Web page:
Akzo's second primary argument was that refusing privileged status to communications with an in-house lawyer breached the general EU principle of equal treatment, given that the professional obligations on in-house and external lawyers are the same. The Court rejected this argument, stating that fundamental differences such as significant variations in the level of independence enjoyed by an in-house and external lawyer justified the differential treatment.
Alternatively, Akzo argued that, even if the court upheld the AM&S principle, this principle should be reinterpreted in light of significant developments since 1982 both in the national legal systems of the specific Member States and in EU law. The Court rejected this argument, stating that it was not possible to identify any predominant trend toward protection of in-house legal advice among the EU Member States. Many Member States continue to exclude correspondence with in-house lawyers from the scope of LPP and do not allow in-house lawyers to be admitted to the National Bars, nor recognise them as having the same status as external lawyers. Further, the Court found that the rules that modernised EU law in 2004 did not suggest that it was necessary to change the status of in-house lawyers.
Addressing the additional arguments put forward by Akzo, the Court found that the absence of LPP did not breach rights of defence, nor the principles of legal certainty and national procedural autonomy.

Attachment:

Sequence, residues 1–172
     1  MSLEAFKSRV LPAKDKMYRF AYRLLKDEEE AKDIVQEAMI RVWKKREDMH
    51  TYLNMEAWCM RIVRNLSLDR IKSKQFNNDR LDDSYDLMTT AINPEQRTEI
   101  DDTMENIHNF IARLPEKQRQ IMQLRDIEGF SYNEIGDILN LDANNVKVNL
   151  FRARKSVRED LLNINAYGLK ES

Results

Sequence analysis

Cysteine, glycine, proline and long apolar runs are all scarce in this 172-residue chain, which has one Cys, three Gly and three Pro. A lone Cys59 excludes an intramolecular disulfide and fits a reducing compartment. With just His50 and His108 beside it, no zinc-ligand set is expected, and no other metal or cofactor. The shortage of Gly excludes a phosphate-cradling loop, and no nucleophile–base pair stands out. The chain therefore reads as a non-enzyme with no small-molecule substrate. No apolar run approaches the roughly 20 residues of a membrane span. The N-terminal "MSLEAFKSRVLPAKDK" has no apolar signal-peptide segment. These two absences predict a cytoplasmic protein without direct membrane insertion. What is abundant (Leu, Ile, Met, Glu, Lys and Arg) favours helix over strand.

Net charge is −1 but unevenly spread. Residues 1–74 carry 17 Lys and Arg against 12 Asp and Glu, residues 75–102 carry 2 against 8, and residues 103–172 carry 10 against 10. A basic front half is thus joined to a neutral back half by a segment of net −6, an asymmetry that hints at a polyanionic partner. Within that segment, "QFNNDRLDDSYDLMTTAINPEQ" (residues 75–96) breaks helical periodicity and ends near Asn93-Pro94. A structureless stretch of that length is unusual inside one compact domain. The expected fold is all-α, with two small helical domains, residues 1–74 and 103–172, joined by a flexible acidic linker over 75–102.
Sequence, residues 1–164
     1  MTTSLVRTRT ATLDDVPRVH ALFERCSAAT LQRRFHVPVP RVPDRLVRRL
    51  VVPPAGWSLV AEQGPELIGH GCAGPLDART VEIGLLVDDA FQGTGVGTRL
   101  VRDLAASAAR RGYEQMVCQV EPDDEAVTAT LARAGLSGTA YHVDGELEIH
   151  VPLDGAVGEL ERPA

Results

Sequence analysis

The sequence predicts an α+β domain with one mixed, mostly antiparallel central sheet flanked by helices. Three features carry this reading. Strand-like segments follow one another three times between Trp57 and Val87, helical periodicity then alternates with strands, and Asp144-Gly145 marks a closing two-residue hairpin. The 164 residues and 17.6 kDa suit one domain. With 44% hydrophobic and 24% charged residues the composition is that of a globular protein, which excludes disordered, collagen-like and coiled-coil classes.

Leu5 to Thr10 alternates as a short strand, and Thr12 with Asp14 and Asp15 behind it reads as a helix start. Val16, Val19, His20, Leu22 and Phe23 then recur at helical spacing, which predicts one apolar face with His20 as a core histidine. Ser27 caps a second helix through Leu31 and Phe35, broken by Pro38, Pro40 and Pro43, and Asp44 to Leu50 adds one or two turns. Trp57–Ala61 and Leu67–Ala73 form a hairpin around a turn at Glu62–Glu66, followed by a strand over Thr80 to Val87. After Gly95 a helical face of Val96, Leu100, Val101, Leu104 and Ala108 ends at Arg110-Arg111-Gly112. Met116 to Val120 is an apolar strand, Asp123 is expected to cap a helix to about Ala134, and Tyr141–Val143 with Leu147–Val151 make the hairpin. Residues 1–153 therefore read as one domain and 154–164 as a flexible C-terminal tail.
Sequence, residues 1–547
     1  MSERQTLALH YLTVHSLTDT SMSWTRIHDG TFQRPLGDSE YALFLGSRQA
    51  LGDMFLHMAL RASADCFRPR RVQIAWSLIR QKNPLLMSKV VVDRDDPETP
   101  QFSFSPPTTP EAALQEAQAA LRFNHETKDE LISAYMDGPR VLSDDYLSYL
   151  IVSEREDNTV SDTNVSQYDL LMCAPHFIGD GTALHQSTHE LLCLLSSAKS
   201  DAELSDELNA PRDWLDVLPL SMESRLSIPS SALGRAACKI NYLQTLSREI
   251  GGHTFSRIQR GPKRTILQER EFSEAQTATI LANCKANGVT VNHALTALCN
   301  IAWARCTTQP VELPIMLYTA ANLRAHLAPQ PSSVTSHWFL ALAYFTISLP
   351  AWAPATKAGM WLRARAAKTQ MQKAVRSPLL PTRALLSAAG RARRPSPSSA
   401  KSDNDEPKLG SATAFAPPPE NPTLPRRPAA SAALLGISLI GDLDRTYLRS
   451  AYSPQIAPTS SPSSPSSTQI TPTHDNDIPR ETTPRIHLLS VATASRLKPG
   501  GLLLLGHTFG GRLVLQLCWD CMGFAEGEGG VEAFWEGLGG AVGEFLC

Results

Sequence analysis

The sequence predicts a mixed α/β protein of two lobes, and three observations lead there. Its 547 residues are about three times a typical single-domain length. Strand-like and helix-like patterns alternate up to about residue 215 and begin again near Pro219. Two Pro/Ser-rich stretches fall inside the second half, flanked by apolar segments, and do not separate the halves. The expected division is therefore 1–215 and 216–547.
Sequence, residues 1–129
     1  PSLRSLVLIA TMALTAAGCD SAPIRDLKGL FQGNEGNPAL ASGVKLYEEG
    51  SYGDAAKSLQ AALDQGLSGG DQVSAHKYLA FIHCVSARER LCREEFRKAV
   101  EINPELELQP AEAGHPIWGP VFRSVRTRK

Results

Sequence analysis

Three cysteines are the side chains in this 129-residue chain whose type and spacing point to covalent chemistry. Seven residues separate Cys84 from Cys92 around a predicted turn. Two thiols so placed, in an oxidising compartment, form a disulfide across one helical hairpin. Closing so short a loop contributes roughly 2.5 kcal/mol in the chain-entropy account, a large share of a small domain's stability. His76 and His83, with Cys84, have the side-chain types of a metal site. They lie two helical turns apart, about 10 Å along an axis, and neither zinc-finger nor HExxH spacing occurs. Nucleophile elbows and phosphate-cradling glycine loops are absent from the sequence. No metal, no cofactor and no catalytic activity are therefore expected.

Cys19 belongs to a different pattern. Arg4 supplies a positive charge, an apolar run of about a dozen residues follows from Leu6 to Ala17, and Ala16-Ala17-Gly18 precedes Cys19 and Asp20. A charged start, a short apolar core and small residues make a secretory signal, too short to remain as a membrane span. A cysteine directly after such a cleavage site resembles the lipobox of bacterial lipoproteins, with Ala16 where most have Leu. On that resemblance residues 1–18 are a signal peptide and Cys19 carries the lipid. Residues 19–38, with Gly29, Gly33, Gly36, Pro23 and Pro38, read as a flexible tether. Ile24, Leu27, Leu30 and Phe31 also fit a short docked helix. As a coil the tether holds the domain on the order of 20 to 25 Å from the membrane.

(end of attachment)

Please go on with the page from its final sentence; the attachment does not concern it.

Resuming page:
Non-EU lawyers expressed significant interest in clarifying their status during these proceedings. However, unlike the Advocate General, the Court did not take the opportunity to comment on whether LPP applies to communications between clients and external counsel qualified in countries outside the EU. In her Opinion, the Advocate General had taken a strong stance: "the inclusion...of lawyers from third countries would not under any circumstances be justified...."3 Nevertheless, the Court's silence on this point is a clear indication that communications between clients and external counsel who are members of a bar association or law society in a third country outside of the European Union will continue to not attract LPP.
Although widely anticipated, the judgment will come as a blow to the international business and legal communities. Going forward, the judgment confirms the ability of the European Commission to request and review documents and advice prepared by in-house counsel—and communications with lawyers from third countries—in the course of an investigation. Given the categorical nature of the Court of Justice's decision, this position seems unlikely to change for some time. Companies will need to continue to take care over the manner in which sensitive in-house legal advice is sought and recorded, given that such advice cannot be shielded from regulatory oversight.
1. Case 155/79, AM&S v. Commission  ECR 1575.
2. Case C-550/07 P, judgment of September 14, 2010, at paragraph 47.
3. Opinion of Advocate General Kokott in Case C-550/07 P, April 29, 2010, at paragraph 189.